Do you have to use and escrow agent to acquire a business? No. But do we highly recommend an escrow agent be utilized in all of our transactions? Absolutely! An escrow agent (escrow attorney or escrow company) is critical to a smooth closing, in our opinion. A good escrow agent handles so many little details involved in actually closing a transaction – without one you really run the risk of important aspects falling through the cracks. Keep in mind, you should never agree to use the seller’s attorney as the escrow agent, nor should you ever expect a seller to agree to use your attorney for escrow. The escrow agent needs to be an independent third party who has no affiliation with the buyer or seller, or the buyer’s or seller’s representatives. The escrow agent is a facilitator and has the sole charge of following the instructions outlined in the purchase agreement in order to see the transaction closed.
Any closing costs associated with a loan are the sole responsibility of the buyer, and certainly any attorney’s fees or other professional fees are the sole responsibility of the party who incurred them. However, closing costs associated with a third-party escrow agent are typically split equally between buyer and seller, even though the benefits a buyer gets from the escrow agent’s services far outweigh the benefits to the seller. In our experience, total closing costs associated with the escrow agent range from $1,500 to $3,000, depending on the specifics of the deal.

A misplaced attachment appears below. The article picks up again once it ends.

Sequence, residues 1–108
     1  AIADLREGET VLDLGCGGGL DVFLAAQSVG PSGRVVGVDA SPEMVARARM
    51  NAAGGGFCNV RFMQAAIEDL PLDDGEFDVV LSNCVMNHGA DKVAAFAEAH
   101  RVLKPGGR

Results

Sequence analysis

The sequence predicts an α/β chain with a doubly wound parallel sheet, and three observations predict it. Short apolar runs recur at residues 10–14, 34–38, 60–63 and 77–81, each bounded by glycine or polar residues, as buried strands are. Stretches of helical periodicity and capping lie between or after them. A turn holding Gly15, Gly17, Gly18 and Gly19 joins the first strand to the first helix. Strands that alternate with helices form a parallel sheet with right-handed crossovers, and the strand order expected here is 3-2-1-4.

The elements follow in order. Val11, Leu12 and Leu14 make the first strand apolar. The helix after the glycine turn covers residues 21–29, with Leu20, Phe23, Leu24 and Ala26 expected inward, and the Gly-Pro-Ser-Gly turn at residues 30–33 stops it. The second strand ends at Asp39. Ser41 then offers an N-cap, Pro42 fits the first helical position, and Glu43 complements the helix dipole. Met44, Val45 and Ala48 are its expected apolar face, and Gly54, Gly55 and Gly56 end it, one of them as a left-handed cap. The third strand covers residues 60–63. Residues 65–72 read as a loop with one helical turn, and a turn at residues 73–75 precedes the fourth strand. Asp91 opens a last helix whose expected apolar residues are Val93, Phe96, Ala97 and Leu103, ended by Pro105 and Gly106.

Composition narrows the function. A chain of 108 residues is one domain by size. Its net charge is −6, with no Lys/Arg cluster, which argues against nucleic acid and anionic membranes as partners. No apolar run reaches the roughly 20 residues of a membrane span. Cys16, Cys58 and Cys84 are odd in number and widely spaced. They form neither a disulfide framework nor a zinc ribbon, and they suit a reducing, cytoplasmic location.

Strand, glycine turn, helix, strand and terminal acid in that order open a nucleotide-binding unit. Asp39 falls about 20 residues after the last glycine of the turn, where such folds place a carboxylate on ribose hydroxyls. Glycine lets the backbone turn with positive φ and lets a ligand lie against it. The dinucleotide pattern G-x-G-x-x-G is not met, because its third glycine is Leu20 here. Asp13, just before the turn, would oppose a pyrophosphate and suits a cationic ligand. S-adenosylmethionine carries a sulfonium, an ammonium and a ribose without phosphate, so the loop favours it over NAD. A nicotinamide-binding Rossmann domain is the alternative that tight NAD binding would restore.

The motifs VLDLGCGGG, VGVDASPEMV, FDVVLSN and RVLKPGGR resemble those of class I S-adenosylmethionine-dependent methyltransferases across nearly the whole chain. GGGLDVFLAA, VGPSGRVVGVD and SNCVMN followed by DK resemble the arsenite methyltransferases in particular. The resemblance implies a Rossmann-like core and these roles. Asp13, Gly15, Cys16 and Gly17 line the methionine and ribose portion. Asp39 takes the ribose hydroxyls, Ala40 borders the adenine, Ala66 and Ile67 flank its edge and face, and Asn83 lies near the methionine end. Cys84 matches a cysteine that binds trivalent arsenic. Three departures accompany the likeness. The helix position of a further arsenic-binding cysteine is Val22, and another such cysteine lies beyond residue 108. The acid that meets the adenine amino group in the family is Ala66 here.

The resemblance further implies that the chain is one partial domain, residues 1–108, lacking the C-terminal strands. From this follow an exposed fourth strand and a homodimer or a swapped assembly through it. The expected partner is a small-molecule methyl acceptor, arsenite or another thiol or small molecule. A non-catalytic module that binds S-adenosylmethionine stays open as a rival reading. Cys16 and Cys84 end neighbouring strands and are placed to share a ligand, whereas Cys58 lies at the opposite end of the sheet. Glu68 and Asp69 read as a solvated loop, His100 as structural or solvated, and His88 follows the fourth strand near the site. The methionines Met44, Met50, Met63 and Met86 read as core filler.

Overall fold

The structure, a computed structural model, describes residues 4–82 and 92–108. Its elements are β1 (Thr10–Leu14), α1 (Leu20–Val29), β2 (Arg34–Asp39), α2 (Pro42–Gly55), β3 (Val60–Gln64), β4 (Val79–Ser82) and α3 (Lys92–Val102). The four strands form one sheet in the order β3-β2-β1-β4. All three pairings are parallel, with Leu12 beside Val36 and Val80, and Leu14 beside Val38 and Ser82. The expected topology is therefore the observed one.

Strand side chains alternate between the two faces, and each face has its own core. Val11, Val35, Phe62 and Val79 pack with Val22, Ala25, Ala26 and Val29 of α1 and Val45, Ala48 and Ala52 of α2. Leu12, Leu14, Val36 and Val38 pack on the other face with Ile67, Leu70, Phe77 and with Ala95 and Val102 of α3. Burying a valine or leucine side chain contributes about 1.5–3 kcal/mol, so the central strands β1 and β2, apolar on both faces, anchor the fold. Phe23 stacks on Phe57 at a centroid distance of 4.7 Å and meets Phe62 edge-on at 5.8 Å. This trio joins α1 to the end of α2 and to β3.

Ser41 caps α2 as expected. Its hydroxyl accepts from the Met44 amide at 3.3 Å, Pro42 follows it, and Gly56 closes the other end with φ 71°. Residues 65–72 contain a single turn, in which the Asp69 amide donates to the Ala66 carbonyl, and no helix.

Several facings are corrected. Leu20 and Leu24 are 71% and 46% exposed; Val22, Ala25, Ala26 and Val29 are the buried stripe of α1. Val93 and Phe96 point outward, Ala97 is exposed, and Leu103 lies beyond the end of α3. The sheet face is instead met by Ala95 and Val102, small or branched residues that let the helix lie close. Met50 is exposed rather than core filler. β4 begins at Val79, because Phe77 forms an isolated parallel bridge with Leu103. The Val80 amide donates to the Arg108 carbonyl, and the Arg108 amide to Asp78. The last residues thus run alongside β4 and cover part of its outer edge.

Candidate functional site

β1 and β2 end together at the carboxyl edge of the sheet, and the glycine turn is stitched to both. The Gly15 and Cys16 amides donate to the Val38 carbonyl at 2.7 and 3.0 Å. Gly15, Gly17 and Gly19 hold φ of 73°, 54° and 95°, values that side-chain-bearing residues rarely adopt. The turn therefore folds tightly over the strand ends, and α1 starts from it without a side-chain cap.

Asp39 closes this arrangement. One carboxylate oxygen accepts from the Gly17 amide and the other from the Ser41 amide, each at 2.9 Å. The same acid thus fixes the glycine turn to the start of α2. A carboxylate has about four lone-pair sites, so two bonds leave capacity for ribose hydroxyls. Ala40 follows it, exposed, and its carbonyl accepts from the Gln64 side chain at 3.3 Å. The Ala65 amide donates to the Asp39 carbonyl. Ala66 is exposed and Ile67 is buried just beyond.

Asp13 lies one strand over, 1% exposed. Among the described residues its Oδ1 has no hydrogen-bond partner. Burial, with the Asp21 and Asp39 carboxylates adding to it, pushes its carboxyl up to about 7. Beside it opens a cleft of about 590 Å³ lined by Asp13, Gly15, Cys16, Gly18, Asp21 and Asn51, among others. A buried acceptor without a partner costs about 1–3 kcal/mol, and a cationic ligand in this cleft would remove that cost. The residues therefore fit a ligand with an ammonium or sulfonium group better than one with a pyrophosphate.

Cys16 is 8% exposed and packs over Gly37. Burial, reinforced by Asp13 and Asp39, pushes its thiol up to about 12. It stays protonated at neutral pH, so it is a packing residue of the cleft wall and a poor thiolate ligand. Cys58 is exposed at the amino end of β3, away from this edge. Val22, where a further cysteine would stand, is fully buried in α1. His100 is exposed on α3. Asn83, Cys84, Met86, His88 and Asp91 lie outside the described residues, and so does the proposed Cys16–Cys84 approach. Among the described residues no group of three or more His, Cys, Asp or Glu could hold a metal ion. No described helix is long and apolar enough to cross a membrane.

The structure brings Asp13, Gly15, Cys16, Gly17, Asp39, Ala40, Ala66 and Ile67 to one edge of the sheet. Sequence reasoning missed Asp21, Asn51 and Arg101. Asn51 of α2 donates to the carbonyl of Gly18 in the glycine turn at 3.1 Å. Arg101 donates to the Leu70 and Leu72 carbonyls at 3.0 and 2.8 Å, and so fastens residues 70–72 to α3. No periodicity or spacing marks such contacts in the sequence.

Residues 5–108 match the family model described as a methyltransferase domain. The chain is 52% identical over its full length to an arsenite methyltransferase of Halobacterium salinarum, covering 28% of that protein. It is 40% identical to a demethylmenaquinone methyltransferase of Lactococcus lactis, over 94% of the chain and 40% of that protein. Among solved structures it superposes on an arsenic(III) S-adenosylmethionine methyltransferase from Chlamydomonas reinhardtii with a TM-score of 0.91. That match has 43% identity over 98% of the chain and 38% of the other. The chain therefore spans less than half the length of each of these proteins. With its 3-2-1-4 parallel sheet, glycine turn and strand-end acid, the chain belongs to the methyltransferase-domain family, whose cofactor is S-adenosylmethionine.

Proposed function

There’s really no right or wrong answer here. The biggest factor that impacts closing is whether or not you’re financing the purchase through a third-party. Other factors can include the time of the year (seasonality can effect a buyer’s schedule as well as a seller’s), the quality and completeness of the due diligence materials provided, the responsiveness of attorneys negotiating the purchase agreement and details uncovered during due diligence that necessitate the deal terms to be changed. Generally speaking, however, a transaction that involves a third-party lender will take no less than 60 days to close, and likely will be closer to 90. A deal with no bank involved moves much faster and can be done in 30 to 45 days.
Remember that an LOI is a non-binding agreement – it’s really a roadmap that outlines the major deal points and guides the buyer and seller to closing. While you want to be thorough and specific on some terms (like the sale price) there are other issues that would be premature to get into (like the training period). A reasonable LOI should include the purchase price and method of purchase (be it SBA financing, all cash, etc.), proposed financing terms (that are subject to change by a third-party lender), duration of due diligence, earnest money amount, purchase agreement deadline and closing date. You can certainly add other terms as dictated by the business or the seller, but these are the basics.
Very simply – can the buyer get the deal done. Every seller worries about whether or not their deal is going to close. It doesn’t matter how well the process is going, how much they like the buyer or how positive the buyer is being – they all worry that something is going to happen to kill the deal. To be more specific, sellers want to know if people are real “buyers” or just “lookers.” They want to make sure buyers have the funds do close the transaction, or that they can get the necessary financing. They get antsy when things start to drag out for no specific reason because they assume that means the buyer is reconsidering the deal. They worry that a buyer’s attorney is going to try and negotiate one-sided documents. The list goes on, but the vast majority of a seller’s concerns about buyers center on their confidence that the transaction will close.